As part of the January 1, 1776 organization of the Continental Army, Huntington's 8th Connecticut Regiment became the 17th Continental Regiment. Originally planned to have a strength of 728 officers and men, by the end of January the 17th only had about 400 men, as did most of the other regiments. Indeed, maintaining soldiers past their terms of service was a problem for the Continental Army. In a letter to Jabez Huntington, Colonel Huntington said, "we shall not with all our Rhetoric be able to retain many," On March 4, Huntington's regiment was one of those ordered to take and hold Dorchester Heights, the action that ended the siege by forcing the British to evacuate Boston. The day following the end of the siege, Washington began moving the army to New York. As they passed through Norwich on April 8, Colonel Huntington, Governor Trumbull (Faith's father), and General Washington had dinner at the Huntington home. By April 22, Huntington and most of his unit were in position in New York.

Huntington's regiment began fortifying New York City in anticipation of a British attack and it was here they heard of the Declaration of Independence. The 17th had lost men during the Boston siege due to illness and desertion, which continued in New York. On about August 19, Colonel Huntington became seriously ill, possibly with malaria, and was unable to perform his duties, so his second in command Lt. Col. Joel Clark replaced him. On August 24, the regiment was ordered to the Brooklyn front. Because it was so understrength it was placed under the command of Gen. Parsons and combined with Col. Atlee's Pennsylvania regiment. When the Battle of Long Island was fought on the 27th, most of Huntington's regiment was surrounded and taken as prisoners, including Lt. Col. Clark, who died in captivity. The few men left of Huntington's regiment joined the main army under the command of Gen. Heath and evacuated with them as they fled New York. The 17th was never rebuilt and it ceased to exist when enlistments expired at the end of December.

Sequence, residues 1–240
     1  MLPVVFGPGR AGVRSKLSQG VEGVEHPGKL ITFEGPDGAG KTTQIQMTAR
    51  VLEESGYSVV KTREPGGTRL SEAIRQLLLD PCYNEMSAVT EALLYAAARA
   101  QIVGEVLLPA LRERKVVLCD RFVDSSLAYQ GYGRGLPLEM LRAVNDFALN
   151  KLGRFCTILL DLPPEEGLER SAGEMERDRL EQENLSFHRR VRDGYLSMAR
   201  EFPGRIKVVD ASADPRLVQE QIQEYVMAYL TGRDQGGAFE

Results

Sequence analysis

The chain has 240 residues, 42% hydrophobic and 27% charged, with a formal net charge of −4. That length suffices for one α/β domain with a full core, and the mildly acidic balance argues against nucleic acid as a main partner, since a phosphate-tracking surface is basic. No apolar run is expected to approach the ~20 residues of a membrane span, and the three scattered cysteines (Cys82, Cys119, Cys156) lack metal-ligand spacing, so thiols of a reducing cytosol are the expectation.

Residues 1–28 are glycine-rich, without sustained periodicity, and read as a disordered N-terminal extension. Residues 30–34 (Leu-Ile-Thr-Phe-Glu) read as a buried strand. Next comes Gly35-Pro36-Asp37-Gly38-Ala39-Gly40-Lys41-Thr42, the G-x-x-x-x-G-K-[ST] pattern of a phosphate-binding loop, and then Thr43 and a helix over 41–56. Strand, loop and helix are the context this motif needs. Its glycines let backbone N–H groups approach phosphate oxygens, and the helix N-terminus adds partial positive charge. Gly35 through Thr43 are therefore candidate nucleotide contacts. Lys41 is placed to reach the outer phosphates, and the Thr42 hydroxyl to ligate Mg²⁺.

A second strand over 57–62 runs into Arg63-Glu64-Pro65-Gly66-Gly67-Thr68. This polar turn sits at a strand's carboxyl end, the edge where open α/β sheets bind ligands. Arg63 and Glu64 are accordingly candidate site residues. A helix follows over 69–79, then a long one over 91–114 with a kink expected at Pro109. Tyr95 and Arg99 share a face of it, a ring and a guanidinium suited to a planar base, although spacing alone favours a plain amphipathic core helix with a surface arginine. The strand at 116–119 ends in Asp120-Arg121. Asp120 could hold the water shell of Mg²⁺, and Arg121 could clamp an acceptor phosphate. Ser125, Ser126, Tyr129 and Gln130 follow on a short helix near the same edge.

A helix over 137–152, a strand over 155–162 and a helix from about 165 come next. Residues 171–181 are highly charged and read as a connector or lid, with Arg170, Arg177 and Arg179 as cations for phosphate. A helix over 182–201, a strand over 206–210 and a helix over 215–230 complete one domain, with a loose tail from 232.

When the Continental Army was reorganized as the "Continental Line" at the beginning of 1777, Colonel Huntington was placed in command of the 1st Regiment. In early April the Connecticut regiments were ordered to Peekskill to join the NY and New England troops for the season. As they were getting organized, the enemy launched the Battle of Ridgefield (also known as the Battle of Danbury) in which Huntington's regiment fought and after that they moved to Peekskill. On May 12, Huntington was promoted to Brigadier general and placed in command of a brigade consisting of three Connecticut regiments. The Connecticut "line" stayed in Peekskill except for a few excursions. Huntington was ordered to move in support of Washington in the Battle of Brandywine, but the battle was over before they arrived. The Connecticut units were not used in the Saratoga campaign, so Washington moved them from Peekskill to join him at Valley Forge and they spent the bitter winter there.